The Triangulation Strategy

Does that help explain the Clintons' shenanigans? Suzanne Garner:

This Clinton move should be familiar to any Democratic leaders who’ve been around awhile.  It’s the classic Clinton triangulation and it’s a preview of what we’ll get if she is our President.  Her back is against the wall, so she takes a hard right and starts parroting a Republican viewpoint that goes against the Democratic platform (i.e., “tough” foreign policy) to try to drum up a little panic, and in the next breath talks about putting Obama on her ticket. She uses Republican talking points to smack the “liberal” wing of the Democratic party, polarizes the party into fierce factions, and then offers up the “compromise” her on top of the ticket.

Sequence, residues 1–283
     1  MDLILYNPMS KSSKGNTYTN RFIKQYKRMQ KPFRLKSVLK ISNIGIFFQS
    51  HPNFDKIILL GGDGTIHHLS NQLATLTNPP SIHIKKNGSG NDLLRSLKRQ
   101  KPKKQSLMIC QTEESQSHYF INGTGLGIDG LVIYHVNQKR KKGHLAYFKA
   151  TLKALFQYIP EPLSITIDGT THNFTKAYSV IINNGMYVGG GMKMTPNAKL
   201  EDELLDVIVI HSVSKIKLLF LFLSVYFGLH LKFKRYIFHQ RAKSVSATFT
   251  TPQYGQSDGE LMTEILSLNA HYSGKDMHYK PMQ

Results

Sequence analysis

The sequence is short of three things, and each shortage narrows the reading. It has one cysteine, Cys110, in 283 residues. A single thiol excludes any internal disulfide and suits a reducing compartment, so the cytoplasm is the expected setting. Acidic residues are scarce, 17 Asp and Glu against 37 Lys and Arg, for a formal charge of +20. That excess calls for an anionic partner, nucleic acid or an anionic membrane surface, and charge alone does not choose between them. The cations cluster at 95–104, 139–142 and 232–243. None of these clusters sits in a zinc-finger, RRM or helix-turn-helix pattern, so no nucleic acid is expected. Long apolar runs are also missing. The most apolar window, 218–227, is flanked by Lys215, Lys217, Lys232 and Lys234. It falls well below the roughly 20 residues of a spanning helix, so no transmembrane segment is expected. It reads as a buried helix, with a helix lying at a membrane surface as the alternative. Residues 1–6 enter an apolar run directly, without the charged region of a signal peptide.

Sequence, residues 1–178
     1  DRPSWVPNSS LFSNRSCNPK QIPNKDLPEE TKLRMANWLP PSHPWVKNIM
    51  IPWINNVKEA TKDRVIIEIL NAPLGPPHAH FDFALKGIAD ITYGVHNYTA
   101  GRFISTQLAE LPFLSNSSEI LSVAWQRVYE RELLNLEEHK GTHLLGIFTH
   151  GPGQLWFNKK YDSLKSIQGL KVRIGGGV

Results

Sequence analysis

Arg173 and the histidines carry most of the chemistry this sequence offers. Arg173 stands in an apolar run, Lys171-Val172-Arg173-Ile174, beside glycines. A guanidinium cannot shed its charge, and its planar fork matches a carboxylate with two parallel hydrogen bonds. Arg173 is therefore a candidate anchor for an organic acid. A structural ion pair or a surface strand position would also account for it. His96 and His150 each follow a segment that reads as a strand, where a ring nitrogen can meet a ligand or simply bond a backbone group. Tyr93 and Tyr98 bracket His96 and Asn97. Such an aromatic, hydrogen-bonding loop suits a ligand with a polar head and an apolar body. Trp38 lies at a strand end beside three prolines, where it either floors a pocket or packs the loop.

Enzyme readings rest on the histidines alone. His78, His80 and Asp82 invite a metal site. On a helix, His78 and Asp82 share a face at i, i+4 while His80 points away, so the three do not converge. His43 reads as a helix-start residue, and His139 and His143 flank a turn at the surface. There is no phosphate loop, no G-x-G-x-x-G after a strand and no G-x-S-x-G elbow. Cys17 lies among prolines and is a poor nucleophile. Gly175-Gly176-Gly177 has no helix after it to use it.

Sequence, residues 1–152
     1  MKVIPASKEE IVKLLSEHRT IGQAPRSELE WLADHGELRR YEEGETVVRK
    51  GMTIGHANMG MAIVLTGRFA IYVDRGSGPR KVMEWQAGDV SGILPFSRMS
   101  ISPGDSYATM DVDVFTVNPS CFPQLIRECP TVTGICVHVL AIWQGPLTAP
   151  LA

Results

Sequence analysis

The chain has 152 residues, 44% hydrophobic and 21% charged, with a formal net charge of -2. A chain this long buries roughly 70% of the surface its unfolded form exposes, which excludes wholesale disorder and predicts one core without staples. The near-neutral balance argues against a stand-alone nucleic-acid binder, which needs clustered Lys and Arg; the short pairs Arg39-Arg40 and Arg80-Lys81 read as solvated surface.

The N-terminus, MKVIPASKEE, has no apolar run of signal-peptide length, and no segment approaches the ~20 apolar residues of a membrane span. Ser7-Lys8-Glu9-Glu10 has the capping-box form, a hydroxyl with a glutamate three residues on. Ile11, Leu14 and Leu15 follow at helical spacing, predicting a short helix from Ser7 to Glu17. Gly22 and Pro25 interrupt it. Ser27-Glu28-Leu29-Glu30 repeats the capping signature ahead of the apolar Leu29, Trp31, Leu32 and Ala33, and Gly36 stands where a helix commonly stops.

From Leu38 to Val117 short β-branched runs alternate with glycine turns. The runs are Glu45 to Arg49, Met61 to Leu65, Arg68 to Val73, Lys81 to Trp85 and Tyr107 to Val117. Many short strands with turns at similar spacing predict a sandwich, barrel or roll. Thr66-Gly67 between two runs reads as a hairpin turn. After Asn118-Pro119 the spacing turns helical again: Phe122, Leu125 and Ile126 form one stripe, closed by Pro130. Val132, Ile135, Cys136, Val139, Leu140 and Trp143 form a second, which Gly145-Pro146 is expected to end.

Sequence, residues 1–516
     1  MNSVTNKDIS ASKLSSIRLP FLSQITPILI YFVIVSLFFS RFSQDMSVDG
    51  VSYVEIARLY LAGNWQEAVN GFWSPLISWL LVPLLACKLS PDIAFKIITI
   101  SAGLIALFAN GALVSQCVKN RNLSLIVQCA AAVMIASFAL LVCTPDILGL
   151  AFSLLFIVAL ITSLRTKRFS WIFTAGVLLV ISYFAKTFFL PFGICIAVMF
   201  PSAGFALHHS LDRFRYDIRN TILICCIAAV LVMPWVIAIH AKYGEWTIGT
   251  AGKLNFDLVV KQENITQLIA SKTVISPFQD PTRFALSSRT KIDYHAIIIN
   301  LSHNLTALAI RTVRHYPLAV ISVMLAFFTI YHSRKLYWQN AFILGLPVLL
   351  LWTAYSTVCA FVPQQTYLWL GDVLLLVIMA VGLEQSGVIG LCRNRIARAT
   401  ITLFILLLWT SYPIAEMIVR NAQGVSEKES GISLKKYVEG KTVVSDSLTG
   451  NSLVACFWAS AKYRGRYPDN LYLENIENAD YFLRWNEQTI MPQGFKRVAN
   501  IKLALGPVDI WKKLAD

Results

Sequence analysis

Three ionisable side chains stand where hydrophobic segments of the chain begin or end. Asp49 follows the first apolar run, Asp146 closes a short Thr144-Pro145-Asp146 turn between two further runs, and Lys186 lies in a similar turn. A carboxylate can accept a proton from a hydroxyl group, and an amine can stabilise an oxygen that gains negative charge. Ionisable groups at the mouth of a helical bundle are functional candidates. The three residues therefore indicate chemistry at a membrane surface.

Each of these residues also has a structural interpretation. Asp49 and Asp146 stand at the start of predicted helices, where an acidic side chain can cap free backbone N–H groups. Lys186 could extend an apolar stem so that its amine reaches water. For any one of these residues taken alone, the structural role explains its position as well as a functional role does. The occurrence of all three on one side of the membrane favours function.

And super-delegates feel like they might not like it, but it’s the best way to prevent the civil war that Clinton herself fomented.

That last sentence sums up most of their politics in the 1990s. Bush uses and foments polarization to dominate. The Clintons use and foment it to triangulate.